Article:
___________

* Yes, I know who tries to pretend that they are "fair and balanced."

readering said...

If chelsea had just gotten a real career she wouldn't have set the emails in motion that were published by Wikipedia's.

dbp said...

Jonah Goldberg understands what Chelsea does not:

"The Clintons always wanted to get back into power, and for a self-styled royal family in exile, the foundation served as a brilliant way to keep all of the retainers, courtiers, and henchmen employed."

It was also a great way to funnel money to their highly credentialled, but not that capable, daughter. She should have followed Jake's advice and done as little as possible. Instead she tried to actually run things, hijinks ensue!

Rob said...

From yesterday's Wikileaks article in the Times, we learned that as far back as 2011, Chelsea Clinton had a chief of staff. Let me repeat that. Chelsea Clinton. Had a chief of staff. The entitlement of these people, the way they've internalized the White House modus operandi, is gobsmacking.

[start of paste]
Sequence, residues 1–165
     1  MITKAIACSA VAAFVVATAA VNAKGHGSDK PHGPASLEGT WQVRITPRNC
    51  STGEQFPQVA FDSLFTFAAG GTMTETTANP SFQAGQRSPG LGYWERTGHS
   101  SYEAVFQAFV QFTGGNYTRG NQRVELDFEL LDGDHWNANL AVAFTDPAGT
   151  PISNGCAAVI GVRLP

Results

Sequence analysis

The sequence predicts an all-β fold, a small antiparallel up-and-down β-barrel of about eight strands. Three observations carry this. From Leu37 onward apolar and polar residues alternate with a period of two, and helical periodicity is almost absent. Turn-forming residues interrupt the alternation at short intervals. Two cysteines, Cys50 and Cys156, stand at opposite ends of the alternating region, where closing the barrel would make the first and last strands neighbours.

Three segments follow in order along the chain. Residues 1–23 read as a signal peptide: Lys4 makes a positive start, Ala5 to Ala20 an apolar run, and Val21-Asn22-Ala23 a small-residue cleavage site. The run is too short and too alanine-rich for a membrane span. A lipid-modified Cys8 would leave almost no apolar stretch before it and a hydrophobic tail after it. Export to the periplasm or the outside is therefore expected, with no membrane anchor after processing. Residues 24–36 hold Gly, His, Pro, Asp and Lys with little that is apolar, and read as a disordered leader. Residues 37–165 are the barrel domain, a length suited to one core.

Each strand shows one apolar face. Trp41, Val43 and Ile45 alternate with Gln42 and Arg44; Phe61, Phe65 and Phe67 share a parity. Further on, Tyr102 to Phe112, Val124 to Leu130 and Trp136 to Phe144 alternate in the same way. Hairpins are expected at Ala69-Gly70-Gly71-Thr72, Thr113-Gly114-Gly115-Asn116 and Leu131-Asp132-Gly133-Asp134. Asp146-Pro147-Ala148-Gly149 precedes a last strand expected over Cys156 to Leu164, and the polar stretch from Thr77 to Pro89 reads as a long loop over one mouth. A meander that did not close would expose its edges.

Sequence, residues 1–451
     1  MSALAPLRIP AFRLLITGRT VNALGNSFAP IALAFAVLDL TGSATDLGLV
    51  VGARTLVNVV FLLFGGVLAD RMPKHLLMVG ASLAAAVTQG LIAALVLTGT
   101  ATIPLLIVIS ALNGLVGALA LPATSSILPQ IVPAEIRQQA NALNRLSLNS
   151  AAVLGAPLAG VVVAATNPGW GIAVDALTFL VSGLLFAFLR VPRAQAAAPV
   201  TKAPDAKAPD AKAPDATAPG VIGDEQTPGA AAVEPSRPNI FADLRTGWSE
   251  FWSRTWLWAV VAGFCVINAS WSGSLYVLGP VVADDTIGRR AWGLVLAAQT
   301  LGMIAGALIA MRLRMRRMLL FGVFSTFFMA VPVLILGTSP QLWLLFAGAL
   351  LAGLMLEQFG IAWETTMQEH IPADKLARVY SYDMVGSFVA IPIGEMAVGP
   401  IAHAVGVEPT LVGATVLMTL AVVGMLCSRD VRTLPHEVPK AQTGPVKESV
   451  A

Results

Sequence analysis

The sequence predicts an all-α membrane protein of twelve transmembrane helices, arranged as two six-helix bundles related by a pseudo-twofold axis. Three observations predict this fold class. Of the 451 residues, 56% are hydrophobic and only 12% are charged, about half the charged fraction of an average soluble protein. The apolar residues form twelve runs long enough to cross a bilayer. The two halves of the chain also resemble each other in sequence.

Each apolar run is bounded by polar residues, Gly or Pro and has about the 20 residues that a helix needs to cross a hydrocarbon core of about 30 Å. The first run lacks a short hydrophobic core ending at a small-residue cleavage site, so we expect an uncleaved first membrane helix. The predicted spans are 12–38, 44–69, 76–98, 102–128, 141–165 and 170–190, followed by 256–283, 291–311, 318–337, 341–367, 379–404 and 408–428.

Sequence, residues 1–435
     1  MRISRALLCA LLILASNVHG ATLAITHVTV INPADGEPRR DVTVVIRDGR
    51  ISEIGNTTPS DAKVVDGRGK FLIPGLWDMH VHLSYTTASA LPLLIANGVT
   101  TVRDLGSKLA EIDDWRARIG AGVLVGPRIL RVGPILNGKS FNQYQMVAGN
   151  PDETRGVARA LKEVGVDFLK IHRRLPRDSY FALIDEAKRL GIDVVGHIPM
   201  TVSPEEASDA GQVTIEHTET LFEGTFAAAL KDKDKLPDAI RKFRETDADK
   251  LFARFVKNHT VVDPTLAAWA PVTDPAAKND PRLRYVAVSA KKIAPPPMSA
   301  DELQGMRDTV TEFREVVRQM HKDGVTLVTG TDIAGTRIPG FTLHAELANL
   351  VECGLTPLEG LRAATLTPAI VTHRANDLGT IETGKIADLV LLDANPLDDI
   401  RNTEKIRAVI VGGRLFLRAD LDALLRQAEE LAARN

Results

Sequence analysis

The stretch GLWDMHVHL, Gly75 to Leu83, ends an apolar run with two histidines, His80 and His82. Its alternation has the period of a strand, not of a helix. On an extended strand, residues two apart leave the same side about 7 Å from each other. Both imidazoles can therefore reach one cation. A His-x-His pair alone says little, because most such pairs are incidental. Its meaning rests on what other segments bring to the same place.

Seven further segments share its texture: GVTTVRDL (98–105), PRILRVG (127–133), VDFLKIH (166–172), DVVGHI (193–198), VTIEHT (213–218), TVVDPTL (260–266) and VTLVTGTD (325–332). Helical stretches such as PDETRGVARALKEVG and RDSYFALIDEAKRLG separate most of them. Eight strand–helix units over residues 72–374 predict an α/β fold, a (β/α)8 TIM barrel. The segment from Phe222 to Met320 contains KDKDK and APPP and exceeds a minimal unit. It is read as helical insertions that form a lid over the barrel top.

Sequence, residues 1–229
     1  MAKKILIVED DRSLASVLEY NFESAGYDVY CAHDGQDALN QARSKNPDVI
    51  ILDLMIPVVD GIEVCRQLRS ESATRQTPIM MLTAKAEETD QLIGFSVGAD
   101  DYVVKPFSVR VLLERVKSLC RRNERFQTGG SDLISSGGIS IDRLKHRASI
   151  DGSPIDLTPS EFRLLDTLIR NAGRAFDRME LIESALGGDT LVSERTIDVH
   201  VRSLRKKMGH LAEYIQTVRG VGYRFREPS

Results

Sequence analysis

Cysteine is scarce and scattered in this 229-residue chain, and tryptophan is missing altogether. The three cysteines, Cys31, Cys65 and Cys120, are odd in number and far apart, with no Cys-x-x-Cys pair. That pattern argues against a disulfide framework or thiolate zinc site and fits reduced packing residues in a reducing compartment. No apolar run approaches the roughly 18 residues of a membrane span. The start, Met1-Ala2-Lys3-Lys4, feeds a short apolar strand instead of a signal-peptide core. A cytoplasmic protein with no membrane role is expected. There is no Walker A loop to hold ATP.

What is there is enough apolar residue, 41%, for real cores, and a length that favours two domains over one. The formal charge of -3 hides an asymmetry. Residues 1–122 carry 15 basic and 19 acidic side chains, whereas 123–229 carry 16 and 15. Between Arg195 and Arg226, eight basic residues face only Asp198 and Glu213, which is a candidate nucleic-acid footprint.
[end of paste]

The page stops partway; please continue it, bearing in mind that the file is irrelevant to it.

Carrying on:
Greg Hlatky said...

This is what infuriates me about this whole Clinton Foundation thing. It used to be that someone was successful and became wealthy, then went into politics. Nowadays, it seems that people go into politics, then become successful and wealthy.

The various members of the Clinton Clan have never held down a job where they were expected to produce anything, or be held to standards, or generate value from their labors. Yet now they're stinking rich. You could say the same thing about a lot of politicians, on both sides of the aisle. Get into office, set up a "non-profit" associated with members of your family, then steer contracts to it.

Yet our Fourth Estate, our Tribunes of the People, never seem to question this or find it odd. Is personal enrichment while in "public service" now to be considered the new normal in the US?

PB said...

If it's such hard work reading the NY Times, why bother?

Bill said...

Oh, give a girl credit - she named her quiet, thoughtful little dog after Kierkegaard!

Big Mike said...

Is personal enrichment while in "public service" now to be considered the new normal in the US?

Yes.

HoodlumDoodlum said...

"edify the corporate audit"??
Oh my. This...this may not be a smart person. This may be a person who is told she is smart and genuinely believes she is smart, but who is not smart.

Barry Dauphin said...

why would the only offspring of Bill and Hillary Clinton even feel the need to try to impress her parents in the first place?

I wonder if the former SoS has quite the temper.

Graham Powell said...

@Fernandinande: Someday I'll learn to use "penultimate" correctly, even if it's the next-to-last thing I ever do!

Thorby said...